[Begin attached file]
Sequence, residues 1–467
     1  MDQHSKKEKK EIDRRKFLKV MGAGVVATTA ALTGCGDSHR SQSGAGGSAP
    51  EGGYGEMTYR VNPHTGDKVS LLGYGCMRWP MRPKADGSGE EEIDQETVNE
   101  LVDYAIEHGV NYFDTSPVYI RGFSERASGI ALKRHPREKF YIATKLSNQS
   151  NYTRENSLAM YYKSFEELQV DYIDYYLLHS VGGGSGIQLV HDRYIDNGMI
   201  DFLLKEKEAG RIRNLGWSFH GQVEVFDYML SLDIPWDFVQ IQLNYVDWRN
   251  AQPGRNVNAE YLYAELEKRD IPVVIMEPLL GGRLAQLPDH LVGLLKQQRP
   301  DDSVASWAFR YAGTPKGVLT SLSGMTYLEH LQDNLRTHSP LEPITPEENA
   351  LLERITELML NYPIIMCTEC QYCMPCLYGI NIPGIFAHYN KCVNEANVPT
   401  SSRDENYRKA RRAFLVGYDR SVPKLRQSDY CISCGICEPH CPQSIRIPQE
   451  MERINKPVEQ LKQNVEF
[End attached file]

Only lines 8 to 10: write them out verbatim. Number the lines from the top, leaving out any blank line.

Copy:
   301  DDSVASWAFR YAGTPKGVLT SLSGMTYLEH LQDNLRTHSP LEPITPEENA
   351  LLERITELML NYPIIMCTEC QYCMPCLYGI NIPGIFAHYN KCVNEANVPT
   401  SSRDENYRKA RRAFLVGYDR SVPKLRQSDY CISCGICEPH CPQSIRIPQE